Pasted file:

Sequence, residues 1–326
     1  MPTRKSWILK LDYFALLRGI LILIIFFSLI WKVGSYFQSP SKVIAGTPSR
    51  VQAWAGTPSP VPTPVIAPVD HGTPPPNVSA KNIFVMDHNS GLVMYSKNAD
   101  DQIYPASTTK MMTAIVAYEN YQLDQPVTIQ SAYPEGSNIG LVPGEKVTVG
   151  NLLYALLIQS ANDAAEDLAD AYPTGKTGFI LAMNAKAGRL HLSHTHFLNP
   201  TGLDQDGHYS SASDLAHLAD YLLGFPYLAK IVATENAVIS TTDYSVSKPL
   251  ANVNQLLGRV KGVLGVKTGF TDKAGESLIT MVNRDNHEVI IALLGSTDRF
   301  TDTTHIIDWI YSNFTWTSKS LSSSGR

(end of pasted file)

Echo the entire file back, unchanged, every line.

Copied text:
Sequence, residues 1–326
     1  MPTRKSWILK LDYFALLRGI LILIIFFSLI WKVGSYFQSP SKVIAGTPSR
    51  VQAWAGTPSP VPTPVIAPVD HGTPPPNVSA KNIFVMDHNS GLVMYSKNAD
   101  DQIYPASTTK MMTAIVAYEN YQLDQPVTIQ SAYPEGSNIG LVPGEKVTVG
   151  NLLYALLIQS ANDAAEDLAD AYPTGKTGFI LAMNAKAGRL HLSHTHFLNP
   201  TGLDQDGHYS SASDLAHLAD YLLGFPYLAK IVATENAVIS TTDYSVSKPL
   251  ANVNQLLGRV KGVLGVKTGF TDKAGESLIT MVNRDNHEVI IALLGSTDRF
   301  TDTTHIIDWI YSNFTWTSKS LSSSGR